TUPELO, Miss. (AP) — Ever since the game of baseball was invented, players have needed two essential pieces of equipment: a ball and a bat.
It’s the former that one Northeast Mississippi company is making a name for itself.
The Uppercut Bat Co. is less than two years old, but it has drawn a legion of fans and customers who have taken to the company’s wood bats.
“We started talking about it about three and a half years ago, and about a year and a half ago we started to really delve into it,” said founder Brian Boatner.
With offices in Sherman and production in Belden, Uppercut is a small operation, with only four employees, including Boatner.
It’s no Louisville Slugger — and the company has no plans to get that big — but Uppercut makes bats from the same high-quality ash, maple and birch the bigger companies use.
Uppercut’s wood of choice, however, is maple. While it’s a little more expensive, it’s stronger than ash and less prone to shatter.
The company’s customers are mostly little league, high school and minor league teams and players, but word of mouth has drawn interest from every level.
The Cotton States Baseball League, a six-team collegiate wooden bat league based in New Albany, uses Uppercut as its official bat.
This past week, Uppercut was in Omaha, Neb., for two major youth baseball tournaments to demonstrate its bats. There’s no shortage of baseball tournaments, and Uppercut is stepping up its efforts to attend as many of them as it can.
“There’s not a better way to show your product than to toss some bats to players and have them take BP (batting practice) with them,” said Ryan Moody, who heads sales for the company.
Uppercut isn’t Boatner’s first entrepreneurial venture. In addition to that company, he also has a hand in a T-shirt company and another sports-related business.
Boatner, 28, himself is no stranger to baseball. A standout at Saltillo High who went on to play at Itawamba Community College and the University of North Alabama, Boatner got in the sporting goods equipment business with an invention of his own about eight years ago.
The Shoulder Shield came about after Boatner suffered a labrum injury. While surgery was successful, his arm was constantly tight.
“I looked for a shirt for some sort of support, but eventually I just made one,” he said. “It was crude but did what it needed to do.”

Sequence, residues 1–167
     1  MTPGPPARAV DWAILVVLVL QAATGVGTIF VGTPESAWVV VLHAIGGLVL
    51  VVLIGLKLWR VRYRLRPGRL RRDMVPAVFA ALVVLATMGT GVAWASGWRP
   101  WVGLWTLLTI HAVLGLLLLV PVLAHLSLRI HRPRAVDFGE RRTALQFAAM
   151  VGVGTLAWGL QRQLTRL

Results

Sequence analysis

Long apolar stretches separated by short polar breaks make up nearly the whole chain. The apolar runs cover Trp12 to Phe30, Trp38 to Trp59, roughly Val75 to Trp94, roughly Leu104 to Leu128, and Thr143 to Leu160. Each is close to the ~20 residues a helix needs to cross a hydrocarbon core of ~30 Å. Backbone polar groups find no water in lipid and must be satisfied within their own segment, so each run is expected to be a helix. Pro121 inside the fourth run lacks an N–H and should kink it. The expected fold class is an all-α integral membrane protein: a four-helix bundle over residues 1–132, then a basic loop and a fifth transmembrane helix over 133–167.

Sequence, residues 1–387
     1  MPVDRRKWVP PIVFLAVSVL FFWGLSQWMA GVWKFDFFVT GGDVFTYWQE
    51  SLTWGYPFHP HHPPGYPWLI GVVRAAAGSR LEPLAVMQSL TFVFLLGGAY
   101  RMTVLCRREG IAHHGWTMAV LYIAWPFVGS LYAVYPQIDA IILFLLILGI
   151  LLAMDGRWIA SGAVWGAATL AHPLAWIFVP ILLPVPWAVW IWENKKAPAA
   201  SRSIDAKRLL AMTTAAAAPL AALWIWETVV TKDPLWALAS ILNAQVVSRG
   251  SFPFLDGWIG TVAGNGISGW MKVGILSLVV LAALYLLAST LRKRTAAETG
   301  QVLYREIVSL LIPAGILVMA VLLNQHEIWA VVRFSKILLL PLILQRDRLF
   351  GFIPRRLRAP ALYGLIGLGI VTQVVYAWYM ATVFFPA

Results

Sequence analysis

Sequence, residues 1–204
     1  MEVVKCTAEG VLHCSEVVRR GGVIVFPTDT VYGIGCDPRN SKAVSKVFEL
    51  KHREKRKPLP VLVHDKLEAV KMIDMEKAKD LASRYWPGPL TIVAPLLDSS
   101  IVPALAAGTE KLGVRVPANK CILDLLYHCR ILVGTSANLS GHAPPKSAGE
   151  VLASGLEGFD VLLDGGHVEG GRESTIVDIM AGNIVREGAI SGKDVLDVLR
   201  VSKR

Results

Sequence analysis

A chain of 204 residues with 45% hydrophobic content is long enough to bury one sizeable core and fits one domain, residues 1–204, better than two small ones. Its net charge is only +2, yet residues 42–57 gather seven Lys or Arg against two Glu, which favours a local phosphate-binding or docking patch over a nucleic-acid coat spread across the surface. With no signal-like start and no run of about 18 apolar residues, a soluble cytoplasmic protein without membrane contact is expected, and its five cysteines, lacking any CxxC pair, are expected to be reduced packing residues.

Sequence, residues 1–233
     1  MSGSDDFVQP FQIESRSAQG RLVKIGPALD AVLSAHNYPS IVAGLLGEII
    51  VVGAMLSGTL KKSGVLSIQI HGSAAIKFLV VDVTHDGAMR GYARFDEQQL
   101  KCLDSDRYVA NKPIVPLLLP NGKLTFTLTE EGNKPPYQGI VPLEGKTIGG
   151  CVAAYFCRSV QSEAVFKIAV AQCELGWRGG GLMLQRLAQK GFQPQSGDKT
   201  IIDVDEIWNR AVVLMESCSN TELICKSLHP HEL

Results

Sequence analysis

After trial and error with designs and materials, Boatner created a neoprene sleeve that traps heat in users’ shoulders and elbows.
The Shoulder Shield keeps the joints loose, something athletes want to maintain for peak performance.
Its popularity goes beyond baseball, with college and professional-level players in other sports including softball, tennis and volleyball using it.
“We’re selling it across the country,” Boatner said.
With Uppercut, Boatner hopes he can develop another strong customer base, although he freely admits bat-making companies are regional in scope for the most part.
“Customers tend to be very loyal to the bats they use,” he said. “But we looked around and there really wasn’t anybody making bats in the area. The nearest companies are in Nashville and Baton Rouge. So we saw a niche.”
With only a four-man crew and two lathes, Uppercut can make 200 to 300 bats a week.
The bats are custom-ordered and designed, and can come with a variety of coats and colors.
While it’s a fairly simple process to make the bats, it does take time from start to finish to get the bats ready for use.
Depending on the size of the job, an order typically takes three to four days to complete.
Boatner and Moody say the prices for their bats are competitive. An adult bat made from ash is about $75, while a maple bat costs $5 to $10 more. Youth bats start around $55.
“We’re not trying to be a discount bat company, though” Boatner said.
Already, he has plans to build a new facility and to add more equipment to ramp up production.
“In three years, I see us with more employees and making many more orders,” he said.